- Serve foods that are cold, soft, and bland because chickenpox in the mouth may make drinking or eating difficult. Avoid feeding your child anything highly acidic or especially salty, like orange juice or pretzels.
- Ask your doctor or pharmacist about pain-relieving creams to apply to sores in the genital area.
- Give your child acetaminophen regularly to help relieve pain if your child has mouth blisters.
- Ask the doctor about using over-the-counter medication for itching.
Never use aspirin to reduce pain or fever in kids with chickenpox because aspirin has been associated with the serious disease Reye syndrome, which can lead to liver failure and even death.
As much as possible, discourage kids from scratching. This can be difficult for them, so consider putting mittens or socks on your child's hands to prevent scratching during sleep. In addition, trim fingernails and keep them clean to help lessen the effects of scratching, including broken blisters and infection.
Most chickenpox infections require no special medical treatment. But sometimes, there are problems. Call the doctor if your child:
- has fever that lasts for more than 4 days or rises above 102º F (38.8º C)
- has a severe cough or trouble breathing
- has an area of rash that leaks pus (thick, discolored fluid) or becomes red, warm, swollen, or sore
- has a severe headache
- is unusually drowsy or has trouble waking up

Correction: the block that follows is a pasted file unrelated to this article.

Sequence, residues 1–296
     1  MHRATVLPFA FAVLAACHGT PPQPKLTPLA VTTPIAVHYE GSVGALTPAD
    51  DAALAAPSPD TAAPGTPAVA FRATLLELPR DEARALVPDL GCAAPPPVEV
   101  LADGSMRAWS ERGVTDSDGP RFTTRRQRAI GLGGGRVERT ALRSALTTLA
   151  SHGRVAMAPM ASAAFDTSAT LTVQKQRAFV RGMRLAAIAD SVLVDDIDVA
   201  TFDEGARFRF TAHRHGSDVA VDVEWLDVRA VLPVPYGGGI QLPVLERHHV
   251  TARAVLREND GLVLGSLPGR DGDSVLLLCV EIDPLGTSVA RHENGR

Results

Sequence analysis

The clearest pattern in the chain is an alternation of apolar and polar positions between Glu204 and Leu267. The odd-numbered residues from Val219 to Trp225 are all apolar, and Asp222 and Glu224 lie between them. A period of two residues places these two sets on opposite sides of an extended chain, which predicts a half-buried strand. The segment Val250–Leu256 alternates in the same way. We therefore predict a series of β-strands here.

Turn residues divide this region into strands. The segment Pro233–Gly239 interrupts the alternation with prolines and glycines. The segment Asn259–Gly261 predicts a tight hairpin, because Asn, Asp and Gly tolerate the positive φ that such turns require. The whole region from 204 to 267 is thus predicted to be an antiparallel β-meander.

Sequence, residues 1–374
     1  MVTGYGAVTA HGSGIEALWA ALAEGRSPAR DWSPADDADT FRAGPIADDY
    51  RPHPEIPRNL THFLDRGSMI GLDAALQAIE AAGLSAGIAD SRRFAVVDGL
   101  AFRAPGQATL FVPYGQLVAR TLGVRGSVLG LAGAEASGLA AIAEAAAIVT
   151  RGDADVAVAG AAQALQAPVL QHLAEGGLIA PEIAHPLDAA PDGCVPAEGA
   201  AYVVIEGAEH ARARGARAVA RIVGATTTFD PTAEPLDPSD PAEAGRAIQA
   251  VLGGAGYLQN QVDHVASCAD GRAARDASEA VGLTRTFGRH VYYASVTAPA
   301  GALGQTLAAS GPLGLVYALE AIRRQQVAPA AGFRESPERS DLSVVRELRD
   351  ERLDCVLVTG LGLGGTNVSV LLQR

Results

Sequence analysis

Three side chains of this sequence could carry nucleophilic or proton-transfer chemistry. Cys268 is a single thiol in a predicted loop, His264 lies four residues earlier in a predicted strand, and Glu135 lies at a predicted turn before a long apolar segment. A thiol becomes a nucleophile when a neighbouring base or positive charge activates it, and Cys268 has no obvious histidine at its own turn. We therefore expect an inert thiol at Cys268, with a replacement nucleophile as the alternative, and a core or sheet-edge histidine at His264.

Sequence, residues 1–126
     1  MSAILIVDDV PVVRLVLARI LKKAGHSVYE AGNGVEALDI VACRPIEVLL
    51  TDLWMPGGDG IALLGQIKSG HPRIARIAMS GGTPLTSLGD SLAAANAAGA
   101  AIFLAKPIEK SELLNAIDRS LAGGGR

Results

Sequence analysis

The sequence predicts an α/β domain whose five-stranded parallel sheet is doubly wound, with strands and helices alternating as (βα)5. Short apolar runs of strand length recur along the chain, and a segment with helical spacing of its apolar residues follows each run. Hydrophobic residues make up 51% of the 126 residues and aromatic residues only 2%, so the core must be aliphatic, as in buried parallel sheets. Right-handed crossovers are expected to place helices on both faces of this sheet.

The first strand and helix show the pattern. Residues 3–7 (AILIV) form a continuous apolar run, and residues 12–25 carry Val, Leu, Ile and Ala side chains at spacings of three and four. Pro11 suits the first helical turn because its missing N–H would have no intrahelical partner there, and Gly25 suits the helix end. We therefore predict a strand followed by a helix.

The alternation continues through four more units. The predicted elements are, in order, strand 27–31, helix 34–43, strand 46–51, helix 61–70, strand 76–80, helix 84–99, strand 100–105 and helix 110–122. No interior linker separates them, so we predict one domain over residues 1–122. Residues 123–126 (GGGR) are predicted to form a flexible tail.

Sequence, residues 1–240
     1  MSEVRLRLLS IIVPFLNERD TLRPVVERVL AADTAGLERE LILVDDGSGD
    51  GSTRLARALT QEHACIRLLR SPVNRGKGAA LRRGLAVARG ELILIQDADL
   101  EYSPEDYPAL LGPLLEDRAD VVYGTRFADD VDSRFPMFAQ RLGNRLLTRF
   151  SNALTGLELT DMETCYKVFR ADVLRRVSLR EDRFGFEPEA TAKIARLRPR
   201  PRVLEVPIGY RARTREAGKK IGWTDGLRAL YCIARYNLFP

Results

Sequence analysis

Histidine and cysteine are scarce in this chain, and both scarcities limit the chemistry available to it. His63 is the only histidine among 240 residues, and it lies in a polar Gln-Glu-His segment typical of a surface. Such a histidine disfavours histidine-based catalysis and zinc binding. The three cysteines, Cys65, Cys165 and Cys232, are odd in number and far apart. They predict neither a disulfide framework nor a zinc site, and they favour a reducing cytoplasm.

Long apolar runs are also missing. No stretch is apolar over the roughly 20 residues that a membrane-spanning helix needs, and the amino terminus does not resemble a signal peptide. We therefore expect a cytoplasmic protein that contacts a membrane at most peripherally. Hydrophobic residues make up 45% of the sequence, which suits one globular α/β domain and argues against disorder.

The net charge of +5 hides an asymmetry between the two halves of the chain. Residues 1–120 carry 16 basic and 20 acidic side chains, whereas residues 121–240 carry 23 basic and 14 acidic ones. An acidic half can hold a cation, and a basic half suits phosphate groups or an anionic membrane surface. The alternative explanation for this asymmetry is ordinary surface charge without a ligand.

- has trouble looking at bright lights
- has difficulty walking
- seems confused
- seems very ill or is vomiting
- has a stiff neck
Call your doctor if you think your child has chickenpox and you have a question or are concerned about a possible complication. The doctor can guide you in watching for complications and in choosing medication to relieve itching.
If taking your child to the doctor, let the office know in advance that your child might have chickenpox. It's important to try to avoid exposing other kids in the office — for some of them, a chickenpox infection could cause severe complications.
Reviewed by: Steven Dowshen, MD
Date reviewed: November 2009
|National Institutes of Health's National Institute of Allergy and Infectious Diseases (NIAID) The National Institute of Allergy and Infectious Diseases (NIAID) conducts and supports basic and applied research to better understand, treat, and ultimately prevent infectious, immunologic, and allergic diseases.|
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|American Academy of Pediatrics (AAP) The AAP is committed to the health and well-being of infants, adolescents, and young adults. The website offers news articles and tips on health for families.|
|National Immunization Program This website has information about immunizations. Call: (800) 232-2522|
|Chickenpox Instruction Sheet Chickenpox (varicella) has become less common in the U.S. due to the chickenpox vaccine, but it can easily spread from one person to another.|
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|Immunization Schedule Which vaccines does your child need to receive and when? Use this immunization schedule as a handy reference.|
|Fever and Taking Your Child's Temperature Although it can be frightening when your child's temperature rises, fever itself causes no harm and can actually be a good thing - it's often the body's way of fighting infections.|
|Your Child's Immunizations Here's an overview of each vaccine recommended for kids, and a link to an immunization schedule that can help you make sure your child has all vaccinations on time.|
Note: All information is for educational purposes only. For specific medical advice, diagnoses, and treatment, consult your doctor.